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Trump's focusing on the wrong thing in trade talk, says conservative analyst

  • President Donald Trump's focus on trade deficits being a "bad deal" for the U.S. is no way to get a trade agreement, says James Pethokoukis.
  • Trump also isn't saying what it is exactly that he wants in the agreements, Pethokoukis argues.
  • Laura Tyson agrees, saying judging a deal on a trade surplus isn't a good measure of whether an agreement is good or not.

President Donald Trump's focus on trade deficits being a "bad deal" for the United States is no way to get a trade agreement, conservative economic analyst James Pethokoukis told CNBC on Thursday.

Not only is that talk hindering NAFTA negotiations and any potential of re-entering a Pacific trade deal, the president isn't saying what it is exactly that he wants in the agreements.

"I am not all clear … what the president would want other than a trade surplus and that's not going to happen from these deals. That is not something you can negotiate into a deal," Pethokoukis said in an interview with "Closing Bell."

President Donald Trump listens during a dinner with European business leaders at the World Economic Forum, Thursday, Jan. 25, 2018, in Davos.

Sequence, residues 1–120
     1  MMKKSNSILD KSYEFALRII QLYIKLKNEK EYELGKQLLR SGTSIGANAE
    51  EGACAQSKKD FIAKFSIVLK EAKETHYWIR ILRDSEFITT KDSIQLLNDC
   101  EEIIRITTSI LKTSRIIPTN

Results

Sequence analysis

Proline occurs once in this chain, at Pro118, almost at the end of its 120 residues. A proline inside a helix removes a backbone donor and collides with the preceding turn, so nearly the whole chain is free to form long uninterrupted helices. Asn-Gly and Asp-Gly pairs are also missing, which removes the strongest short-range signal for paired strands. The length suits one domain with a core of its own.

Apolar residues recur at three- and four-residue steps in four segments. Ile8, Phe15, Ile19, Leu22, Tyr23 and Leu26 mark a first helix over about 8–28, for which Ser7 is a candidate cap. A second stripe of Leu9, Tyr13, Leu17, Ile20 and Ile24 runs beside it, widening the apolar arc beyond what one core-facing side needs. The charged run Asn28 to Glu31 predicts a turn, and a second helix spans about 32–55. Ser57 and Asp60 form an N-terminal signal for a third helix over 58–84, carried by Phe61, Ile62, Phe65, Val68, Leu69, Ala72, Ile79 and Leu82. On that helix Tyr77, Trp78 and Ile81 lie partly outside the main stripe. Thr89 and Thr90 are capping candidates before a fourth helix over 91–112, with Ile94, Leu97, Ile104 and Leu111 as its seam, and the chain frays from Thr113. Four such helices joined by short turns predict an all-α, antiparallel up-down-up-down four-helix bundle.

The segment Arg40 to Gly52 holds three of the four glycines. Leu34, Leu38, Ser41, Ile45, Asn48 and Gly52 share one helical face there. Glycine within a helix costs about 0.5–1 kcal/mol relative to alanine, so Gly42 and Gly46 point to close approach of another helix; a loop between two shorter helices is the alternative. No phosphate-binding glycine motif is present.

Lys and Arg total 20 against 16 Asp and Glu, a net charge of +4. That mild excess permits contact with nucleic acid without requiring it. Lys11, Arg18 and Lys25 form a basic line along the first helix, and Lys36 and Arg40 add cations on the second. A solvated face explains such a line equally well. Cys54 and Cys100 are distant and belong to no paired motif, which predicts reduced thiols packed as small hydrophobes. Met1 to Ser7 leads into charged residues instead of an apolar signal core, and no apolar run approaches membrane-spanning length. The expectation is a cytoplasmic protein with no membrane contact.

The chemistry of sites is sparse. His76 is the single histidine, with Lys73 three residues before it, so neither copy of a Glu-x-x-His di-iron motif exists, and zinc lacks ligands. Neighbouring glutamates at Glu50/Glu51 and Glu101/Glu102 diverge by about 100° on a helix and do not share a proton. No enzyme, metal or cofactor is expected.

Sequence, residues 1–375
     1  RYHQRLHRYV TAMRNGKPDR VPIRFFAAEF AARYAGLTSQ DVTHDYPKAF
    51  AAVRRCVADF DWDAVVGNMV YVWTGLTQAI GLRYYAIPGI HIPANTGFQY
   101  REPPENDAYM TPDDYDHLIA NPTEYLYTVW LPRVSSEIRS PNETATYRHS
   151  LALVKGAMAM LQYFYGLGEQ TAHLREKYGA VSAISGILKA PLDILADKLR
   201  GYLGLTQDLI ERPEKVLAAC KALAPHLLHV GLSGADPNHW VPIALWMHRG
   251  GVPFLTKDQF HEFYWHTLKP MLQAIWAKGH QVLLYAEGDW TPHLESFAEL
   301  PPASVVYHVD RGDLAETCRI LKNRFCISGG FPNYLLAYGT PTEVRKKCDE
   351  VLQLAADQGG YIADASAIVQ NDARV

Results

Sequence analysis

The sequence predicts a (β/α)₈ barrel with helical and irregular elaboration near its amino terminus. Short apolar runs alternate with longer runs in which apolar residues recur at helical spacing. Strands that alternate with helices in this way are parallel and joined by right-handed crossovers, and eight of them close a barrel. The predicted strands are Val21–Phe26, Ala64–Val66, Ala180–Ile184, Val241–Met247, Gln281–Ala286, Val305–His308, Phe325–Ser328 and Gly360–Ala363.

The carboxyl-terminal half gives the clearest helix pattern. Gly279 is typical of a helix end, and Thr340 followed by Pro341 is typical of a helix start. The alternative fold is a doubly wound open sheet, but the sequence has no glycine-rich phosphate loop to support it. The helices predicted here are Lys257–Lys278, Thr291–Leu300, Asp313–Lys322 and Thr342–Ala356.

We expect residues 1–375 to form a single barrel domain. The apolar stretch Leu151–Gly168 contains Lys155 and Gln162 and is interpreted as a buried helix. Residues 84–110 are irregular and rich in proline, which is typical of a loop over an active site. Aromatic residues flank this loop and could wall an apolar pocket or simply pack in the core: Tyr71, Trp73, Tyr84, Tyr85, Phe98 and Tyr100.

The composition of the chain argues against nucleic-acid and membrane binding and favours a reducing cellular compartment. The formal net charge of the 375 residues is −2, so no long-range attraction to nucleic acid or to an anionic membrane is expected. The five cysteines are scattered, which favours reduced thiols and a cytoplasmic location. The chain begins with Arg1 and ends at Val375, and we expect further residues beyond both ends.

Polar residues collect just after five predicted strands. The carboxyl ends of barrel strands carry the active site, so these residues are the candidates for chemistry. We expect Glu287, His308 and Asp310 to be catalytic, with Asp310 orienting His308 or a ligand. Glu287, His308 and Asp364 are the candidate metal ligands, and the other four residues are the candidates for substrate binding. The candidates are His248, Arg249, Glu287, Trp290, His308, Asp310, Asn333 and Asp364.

Evan Vucci | AP
President Donald Trump listens during a dinner with European business leaders at the World Economic Forum, Thursday, Jan. 25, 2018, in Davos.

In an exclusive interview at the World Economic Forum in Davos, Switzerland, on Thursday Trump told CNBChe would reconsider the Trans-Pacific Partnership (TPP) trade deal if the U.S. could strike a "substantially better" agreement. He pulled out of the deal last January, although it already had little chance of securing congressional approval even before he took office.

He also repeated his position that he may terminate the North American Free Trade Agreement (NAFTA) if the U.S. could not reach what he calls a better deal.

"I think we have a good chance, but we'll see what happens," he said of whether the U.S. would strike an agreement to stay in the three-nation deal with Canada and Mexico.

Pethokoukis, a DeWitt Wallace Fellow at the American Enterprise Institute, said Republicans in general are very confused right now about whether trade is good or bad. As for Trump, "Until he says exactly what he wants from these deals and what would get him to 'yes,' then it's just rhetoric."

Laura Tyson, former chair of the President's Council of Economic Advisers under President Bill Clinton, also thinks Trump is going about trade the wrong way.

Judging a deal on whether it provides the U.S. with a trade surplus "is not a measure of whether a trade agreement is good or not," she said in an interview with "Power Lunch."

Plus, the American business, manufacturing and agriculture communities want NAFTA.

"It is very scary to them when he says 'we'll have to negotiate a better deal' or 'I don't know' … that is a threat that 'I will tear apart NAFTA if I don't get something better,'" she said.

— CNBC's Jacob Pramuk contributed to this report.

— CNBC's full interview of President Trump will air on "Squawk Box" at 6 a.m. ET Friday.

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